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20131028
20131105
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of superstorm sandy. today new jersey governor chris christie responded to critics who charged the pace of recovery is too slow. he blamed the federal government. christie told the associated press, quote, to the victims i would say you're right i think is too slow. and i wish the federal government would allow us the flexibility to get you the aid more quickly. sandy also slammed new york city where plenty of rebuilding still needs to be done. especially neighborhoods barely above sea level. terrell brown tonight takes a look at lessons learned. >> reporter: last october superstorm sandy swept joe courtney's home off its foundation. though he knew it would be expensive to repair, he had no intention of leaving new york's rockaway beach. >> there was not a question of whether we were going to rebuild or not. this is where i grew up. this is where my wife grew up. and this is where our lives are. >> reporter: his new home will be higher with a 14 foot concrete foundation. flood vents will allow high water to pass through. >> going upstairs in the attic there in that dormer. hot water hea
to keep moving on. the new york marathon wasn't run last year. superstorm sandy saw to that. then the boston marathon bombings happened adding a new sense of threat and heightened security to this year's race. but the faicco family who we met along the route didn't mind that. they were here for their son and brother sean. >> is there any special about this given everything that this country and this area has been through this past year. >> it has been. i'm here to see my brother run and he ran in boston this year. so we were there and it was tough to live through those couple of days. >> reporter: the faiccoes are from staten island, a place decimated by the storm. >> that's what we do in new york after something so difficult like sandy that we got it all together and are getting back on our feet again. >> reporter: in a marathon progress is measured in steps or in the case of tatyana mcfaden w every turn of her wheels. >> did a lot of training. and i just really had a lot of faith in myself and my training. >> mcfaden won the women's wheelchair race, an unprecedented fourth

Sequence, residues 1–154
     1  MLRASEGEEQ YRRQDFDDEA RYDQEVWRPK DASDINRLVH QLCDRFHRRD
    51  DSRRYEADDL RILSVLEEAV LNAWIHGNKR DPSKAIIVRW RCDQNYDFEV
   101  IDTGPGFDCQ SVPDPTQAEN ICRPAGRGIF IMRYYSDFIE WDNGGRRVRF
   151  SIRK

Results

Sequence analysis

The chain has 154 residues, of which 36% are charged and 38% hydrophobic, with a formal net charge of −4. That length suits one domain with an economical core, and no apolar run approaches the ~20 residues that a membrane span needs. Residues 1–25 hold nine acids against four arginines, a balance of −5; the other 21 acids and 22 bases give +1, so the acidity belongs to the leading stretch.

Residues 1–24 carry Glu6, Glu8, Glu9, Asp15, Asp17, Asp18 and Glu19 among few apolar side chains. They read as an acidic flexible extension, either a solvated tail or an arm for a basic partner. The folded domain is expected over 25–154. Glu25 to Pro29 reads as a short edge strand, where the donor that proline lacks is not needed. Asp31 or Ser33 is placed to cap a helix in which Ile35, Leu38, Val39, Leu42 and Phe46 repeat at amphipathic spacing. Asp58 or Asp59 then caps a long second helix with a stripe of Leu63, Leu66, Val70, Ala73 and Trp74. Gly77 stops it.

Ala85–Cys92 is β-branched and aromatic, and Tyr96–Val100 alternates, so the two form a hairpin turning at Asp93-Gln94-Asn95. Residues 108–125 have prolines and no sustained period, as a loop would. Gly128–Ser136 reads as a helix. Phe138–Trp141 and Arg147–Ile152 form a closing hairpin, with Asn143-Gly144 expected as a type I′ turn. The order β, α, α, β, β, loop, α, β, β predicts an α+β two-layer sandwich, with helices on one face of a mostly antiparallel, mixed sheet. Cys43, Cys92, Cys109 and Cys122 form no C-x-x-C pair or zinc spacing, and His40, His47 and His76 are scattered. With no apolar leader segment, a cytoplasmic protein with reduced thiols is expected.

returns a year after beingicanciled in the wake of superstorm sandy. more than 48,000 people are entered, each with their own reason to race. but none of the stories will inspire more than tatyana mcfadden's. sometimes she wins by a lot. >> tatyana mcfadden is absolutely flying down here. >> axelrod: others obamacare aÑi whisker. >> mcfadden is coming back! >> axelrod: however she does it, 24-year-old paraathlete tatyana mcfadden is on a literal roll no wheelchair racer has ever been on before. >> she's a superstar. she's a brilliant athlete. >> look being back at my y it's been an unbelievable year. >> axelrod: that may be an understatement. so far this year she's won the boston marathon. six days later, she won in london. three weeks ago she took chicago in course record time. and if she wins tomorrow, that would make it all four major marathons in the same year. no one else has ever won three. >> i want to be even better. i want to be even faster. i want to, you know, really push this sport. >> axelrod: this grand slam would be another boost for disabled sports, coming off record tic
Search Results 0 to 2 of about 3